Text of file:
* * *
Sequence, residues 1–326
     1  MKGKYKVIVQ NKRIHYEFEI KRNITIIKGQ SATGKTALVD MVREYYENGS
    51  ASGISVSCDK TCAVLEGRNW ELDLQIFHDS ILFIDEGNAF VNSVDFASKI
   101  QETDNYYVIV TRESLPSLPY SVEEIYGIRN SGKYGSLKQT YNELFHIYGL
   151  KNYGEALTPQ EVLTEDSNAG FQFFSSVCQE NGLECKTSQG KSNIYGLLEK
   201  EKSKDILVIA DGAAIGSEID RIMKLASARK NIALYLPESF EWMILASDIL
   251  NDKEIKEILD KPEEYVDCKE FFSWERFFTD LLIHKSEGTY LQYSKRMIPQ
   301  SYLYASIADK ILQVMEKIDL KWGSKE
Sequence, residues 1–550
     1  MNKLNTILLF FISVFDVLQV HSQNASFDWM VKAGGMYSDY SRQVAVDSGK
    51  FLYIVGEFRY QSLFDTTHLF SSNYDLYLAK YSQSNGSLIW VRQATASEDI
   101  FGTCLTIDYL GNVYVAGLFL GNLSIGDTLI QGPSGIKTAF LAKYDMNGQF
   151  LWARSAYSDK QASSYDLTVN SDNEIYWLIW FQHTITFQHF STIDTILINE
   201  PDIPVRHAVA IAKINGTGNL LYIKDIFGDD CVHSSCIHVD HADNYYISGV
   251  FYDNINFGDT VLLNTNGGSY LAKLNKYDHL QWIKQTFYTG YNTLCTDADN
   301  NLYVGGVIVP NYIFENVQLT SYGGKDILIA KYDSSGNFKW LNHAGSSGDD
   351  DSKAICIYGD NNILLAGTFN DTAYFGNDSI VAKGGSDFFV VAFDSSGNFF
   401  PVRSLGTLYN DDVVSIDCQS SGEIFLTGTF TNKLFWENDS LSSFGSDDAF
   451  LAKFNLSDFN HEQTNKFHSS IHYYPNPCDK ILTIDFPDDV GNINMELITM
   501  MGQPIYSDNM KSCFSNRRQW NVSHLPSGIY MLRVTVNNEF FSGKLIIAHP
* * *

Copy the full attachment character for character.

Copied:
Sequence, residues 1–326
     1  MKGKYKVIVQ NKRIHYEFEI KRNITIIKGQ SATGKTALVD MVREYYENGS
    51  ASGISVSCDK TCAVLEGRNW ELDLQIFHDS ILFIDEGNAF VNSVDFASKI
   101  QETDNYYVIV TRESLPSLPY SVEEIYGIRN SGKYGSLKQT YNELFHIYGL
   151  KNYGEALTPQ EVLTEDSNAG FQFFSSVCQE NGLECKTSQG KSNIYGLLEK
   201  EKSKDILVIA DGAAIGSEID RIMKLASARK NIALYLPESF EWMILASDIL
   251  NDKEIKEILD KPEEYVDCKE FFSWERFFTD LLIHKSEGTY LQYSKRMIPQ
   301  SYLYASIADK ILQVMEKIDL KWGSKE
Sequence, residues 1–550
     1  MNKLNTILLF FISVFDVLQV HSQNASFDWM VKAGGMYSDY SRQVAVDSGK
    51  FLYIVGEFRY QSLFDTTHLF SSNYDLYLAK YSQSNGSLIW VRQATASEDI
   101  FGTCLTIDYL GNVYVAGLFL GNLSIGDTLI QGPSGIKTAF LAKYDMNGQF
   151  LWARSAYSDK QASSYDLTVN SDNEIYWLIW FQHTITFQHF STIDTILINE
   201  PDIPVRHAVA IAKINGTGNL LYIKDIFGDD CVHSSCIHVD HADNYYISGV
   251  FYDNINFGDT VLLNTNGGSY LAKLNKYDHL QWIKQTFYTG YNTLCTDADN
   301  NLYVGGVIVP NYIFENVQLT SYGGKDILIA KYDSSGNFKW LNHAGSSGDD
   351  DSKAICIYGD NNILLAGTFN DTAYFGNDSI VAKGGSDFFV VAFDSSGNFF
   401  PVRSLGTLYN DDVVSIDCQS SGEIFLTGTF TNKLFWENDS LSSFGSDDAF
   451  LAKFNLSDFN HEQTNKFHSS IHYYPNPCDK ILTIDFPDDV GNINMELITM
   501  MGQPIYSDNM KSCFSNRRQW NVSHLPSGIY MLRVTVNNEF FSGKLIIAHP